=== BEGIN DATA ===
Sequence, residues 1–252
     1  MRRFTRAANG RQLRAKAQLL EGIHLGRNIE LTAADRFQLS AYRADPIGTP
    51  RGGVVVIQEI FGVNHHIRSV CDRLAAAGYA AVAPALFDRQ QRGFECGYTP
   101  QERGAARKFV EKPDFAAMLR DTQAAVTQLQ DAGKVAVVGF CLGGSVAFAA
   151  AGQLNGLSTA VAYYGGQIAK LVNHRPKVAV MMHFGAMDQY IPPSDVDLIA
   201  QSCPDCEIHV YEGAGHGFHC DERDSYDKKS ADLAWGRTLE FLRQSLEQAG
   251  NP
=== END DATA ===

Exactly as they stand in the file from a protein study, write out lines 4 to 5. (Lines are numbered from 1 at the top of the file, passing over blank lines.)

   101  QERGAARKFV EKPDFAAMLR DTQAAVTQLQ DAGKVAVVGF CLGGSVAFAA
   151  AGQLNGLSTA VAYYGGQIAK LVNHRPKVAV MMHFGAMDQY IPPSDVDLIA